Eating three meals per day does not always equal proper nutrition.  There are multiple ways to improve nutrition and it is advised to utilize a nutritionist to provide for meal planning.  Serving sizes are more important than most people realize. Over-weight individuals may have been affected by weight gain due to medications side-effects and medical conditions such as hypothyroidism, as well as a past history of poor exercise and diet.  When providing meals according to proper serving sizes, you are likely to get complaints from the individual.  To reduce the likelihood of complaints and  improve the feeling of fullness, it may be useful to drink 8 ounces of water before meals; and offer meals at specific times each day, since many people eat, whether hungry or not, when time of  day cues eating behavior.  Further, if a complaint arises, request that the individual wait 20 minutes, and if they are still hungry, they can let you know.   Cooking foods in low fat oils, baking foods instead of frying foods, buying low fat, and low sugar foods may also reduce the impact of excessive caloric intake.

Medications may also affect nutritional status by causing increased excretion of nutrients, interfering with nutrient absorption, or decreasing the body’s ability to change nutrients into usable forms.  These effects are gradual and the effects will be more evident in long-term use of medications.  Table 1 exhibits some effects of medications on food and possible solutions for reducing those effects.  Always consult a physician and nutritionist before implementing solutions suggested herein.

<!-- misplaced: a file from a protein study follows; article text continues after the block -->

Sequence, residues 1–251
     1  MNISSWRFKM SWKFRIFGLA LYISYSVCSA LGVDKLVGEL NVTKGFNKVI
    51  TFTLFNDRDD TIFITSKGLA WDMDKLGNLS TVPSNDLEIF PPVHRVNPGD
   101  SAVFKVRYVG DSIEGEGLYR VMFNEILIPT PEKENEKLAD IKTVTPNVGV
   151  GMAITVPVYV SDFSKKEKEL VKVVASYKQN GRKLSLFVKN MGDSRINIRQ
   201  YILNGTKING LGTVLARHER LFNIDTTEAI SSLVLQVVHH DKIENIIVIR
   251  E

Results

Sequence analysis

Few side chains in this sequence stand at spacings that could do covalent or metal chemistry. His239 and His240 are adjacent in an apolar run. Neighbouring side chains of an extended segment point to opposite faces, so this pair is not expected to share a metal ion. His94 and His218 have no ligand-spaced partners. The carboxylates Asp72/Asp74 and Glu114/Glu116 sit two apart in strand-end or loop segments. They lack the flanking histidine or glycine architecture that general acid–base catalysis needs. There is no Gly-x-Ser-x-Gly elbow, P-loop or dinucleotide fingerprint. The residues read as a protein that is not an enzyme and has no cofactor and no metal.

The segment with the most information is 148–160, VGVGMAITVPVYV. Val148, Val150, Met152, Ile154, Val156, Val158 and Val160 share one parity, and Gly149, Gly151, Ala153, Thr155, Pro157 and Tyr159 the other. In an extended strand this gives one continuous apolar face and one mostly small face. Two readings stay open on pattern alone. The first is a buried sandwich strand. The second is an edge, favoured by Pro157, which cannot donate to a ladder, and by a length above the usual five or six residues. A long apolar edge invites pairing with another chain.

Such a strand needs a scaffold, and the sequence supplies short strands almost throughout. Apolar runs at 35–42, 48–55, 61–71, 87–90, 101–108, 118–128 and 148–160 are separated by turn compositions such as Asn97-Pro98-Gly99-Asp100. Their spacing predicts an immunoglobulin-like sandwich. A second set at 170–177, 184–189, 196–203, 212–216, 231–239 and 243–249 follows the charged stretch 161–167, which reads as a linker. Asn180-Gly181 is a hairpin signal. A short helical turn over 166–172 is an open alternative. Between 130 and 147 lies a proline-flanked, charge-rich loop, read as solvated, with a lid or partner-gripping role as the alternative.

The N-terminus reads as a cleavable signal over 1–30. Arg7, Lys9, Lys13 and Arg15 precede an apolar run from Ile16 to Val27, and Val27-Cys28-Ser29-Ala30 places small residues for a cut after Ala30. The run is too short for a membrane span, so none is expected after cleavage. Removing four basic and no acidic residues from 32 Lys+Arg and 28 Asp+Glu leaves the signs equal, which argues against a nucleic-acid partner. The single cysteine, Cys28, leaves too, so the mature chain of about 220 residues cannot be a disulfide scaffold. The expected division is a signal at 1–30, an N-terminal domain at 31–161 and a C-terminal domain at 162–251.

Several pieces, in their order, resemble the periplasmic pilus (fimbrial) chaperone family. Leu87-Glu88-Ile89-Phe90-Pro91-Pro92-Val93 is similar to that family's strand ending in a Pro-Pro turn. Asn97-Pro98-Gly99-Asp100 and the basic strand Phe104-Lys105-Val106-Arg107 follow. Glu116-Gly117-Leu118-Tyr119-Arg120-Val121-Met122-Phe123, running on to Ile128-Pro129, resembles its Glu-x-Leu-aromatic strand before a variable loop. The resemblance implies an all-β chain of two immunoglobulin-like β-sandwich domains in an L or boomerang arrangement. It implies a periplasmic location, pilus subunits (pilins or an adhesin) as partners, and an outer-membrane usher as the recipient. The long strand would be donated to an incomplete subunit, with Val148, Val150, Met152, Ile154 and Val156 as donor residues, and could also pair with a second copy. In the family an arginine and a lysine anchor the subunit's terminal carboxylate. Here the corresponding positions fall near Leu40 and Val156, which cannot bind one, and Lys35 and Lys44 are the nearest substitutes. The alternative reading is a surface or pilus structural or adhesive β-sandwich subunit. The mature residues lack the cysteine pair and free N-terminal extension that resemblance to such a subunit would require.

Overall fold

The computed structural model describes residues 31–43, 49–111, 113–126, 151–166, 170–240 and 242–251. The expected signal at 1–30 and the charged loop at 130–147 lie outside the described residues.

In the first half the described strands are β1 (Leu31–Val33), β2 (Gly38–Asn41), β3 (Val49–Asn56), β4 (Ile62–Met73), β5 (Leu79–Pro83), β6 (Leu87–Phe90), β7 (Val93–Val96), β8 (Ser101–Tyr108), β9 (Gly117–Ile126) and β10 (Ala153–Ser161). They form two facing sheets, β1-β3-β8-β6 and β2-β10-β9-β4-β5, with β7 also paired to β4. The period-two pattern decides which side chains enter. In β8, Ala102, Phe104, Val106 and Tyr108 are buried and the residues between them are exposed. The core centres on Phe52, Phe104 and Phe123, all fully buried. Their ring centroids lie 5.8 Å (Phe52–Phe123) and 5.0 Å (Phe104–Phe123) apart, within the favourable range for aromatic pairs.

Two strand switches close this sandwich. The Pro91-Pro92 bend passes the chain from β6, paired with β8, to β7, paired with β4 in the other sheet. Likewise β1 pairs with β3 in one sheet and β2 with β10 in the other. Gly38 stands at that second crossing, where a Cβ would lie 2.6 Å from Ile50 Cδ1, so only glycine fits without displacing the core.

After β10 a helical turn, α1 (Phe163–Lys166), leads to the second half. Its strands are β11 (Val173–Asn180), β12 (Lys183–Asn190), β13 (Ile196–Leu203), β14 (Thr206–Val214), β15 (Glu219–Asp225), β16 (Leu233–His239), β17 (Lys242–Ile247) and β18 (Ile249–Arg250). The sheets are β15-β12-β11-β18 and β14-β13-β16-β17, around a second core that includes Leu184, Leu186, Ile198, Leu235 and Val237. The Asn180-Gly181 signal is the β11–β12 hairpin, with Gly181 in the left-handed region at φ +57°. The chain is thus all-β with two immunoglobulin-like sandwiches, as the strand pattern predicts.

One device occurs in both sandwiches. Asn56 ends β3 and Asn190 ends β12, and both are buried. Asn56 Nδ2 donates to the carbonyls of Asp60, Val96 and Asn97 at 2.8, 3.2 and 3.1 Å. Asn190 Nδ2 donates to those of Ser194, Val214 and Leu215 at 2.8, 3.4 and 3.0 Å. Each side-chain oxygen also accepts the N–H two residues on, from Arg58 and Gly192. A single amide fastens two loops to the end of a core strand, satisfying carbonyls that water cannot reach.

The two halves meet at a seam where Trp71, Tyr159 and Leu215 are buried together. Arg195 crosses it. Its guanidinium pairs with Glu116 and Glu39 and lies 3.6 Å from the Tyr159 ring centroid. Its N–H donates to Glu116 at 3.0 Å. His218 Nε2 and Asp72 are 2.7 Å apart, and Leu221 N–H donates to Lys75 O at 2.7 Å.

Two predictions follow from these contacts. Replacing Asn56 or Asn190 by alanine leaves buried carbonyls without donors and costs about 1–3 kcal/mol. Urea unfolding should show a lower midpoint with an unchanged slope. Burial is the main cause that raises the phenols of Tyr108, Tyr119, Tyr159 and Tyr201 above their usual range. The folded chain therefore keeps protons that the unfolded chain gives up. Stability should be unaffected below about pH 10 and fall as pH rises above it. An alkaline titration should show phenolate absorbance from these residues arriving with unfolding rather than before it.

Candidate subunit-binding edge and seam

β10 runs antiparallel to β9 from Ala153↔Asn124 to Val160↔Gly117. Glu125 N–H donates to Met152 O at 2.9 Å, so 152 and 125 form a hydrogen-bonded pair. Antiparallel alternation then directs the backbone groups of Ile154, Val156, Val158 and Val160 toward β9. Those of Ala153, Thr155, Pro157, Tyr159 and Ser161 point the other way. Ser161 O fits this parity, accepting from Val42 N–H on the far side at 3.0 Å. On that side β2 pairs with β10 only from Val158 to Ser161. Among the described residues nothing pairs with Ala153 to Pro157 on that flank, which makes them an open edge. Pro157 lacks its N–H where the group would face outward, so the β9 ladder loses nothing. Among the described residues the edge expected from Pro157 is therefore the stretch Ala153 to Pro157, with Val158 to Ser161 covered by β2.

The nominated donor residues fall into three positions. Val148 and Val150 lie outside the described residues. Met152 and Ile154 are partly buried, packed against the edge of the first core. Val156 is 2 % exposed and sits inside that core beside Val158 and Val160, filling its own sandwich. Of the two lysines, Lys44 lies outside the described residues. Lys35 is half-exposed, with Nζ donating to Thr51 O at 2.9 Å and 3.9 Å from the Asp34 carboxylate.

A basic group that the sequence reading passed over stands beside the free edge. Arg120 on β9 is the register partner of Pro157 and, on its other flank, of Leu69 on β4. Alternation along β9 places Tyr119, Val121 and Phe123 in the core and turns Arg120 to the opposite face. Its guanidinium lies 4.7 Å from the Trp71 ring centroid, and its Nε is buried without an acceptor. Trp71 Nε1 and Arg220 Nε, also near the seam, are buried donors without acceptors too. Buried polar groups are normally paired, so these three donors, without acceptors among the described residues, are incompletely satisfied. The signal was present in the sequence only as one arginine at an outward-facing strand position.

Insert Table 1

Effects of Medications on Nutrition and Possible Solutions

 

Common Medications:Possible Long Term or Overuse Effect:Possible Solutions   

Diuretic (“water pills”)*May result in loss of electrolytes, mainly potassium.Include foods high in potassium. (e.g., tomatoes, oranges, cantaloupes, bananas, sweet potatoes.)  

Oral contraceptivesFolacin and vitamin C deficiencies if diets are already inadequate in these nutrientsSources of folacin are spinach and other greens, asparagus, broccoli, lima beans.  Vitamin C sources include oranges, grapefruits, tomatoes, cabbage.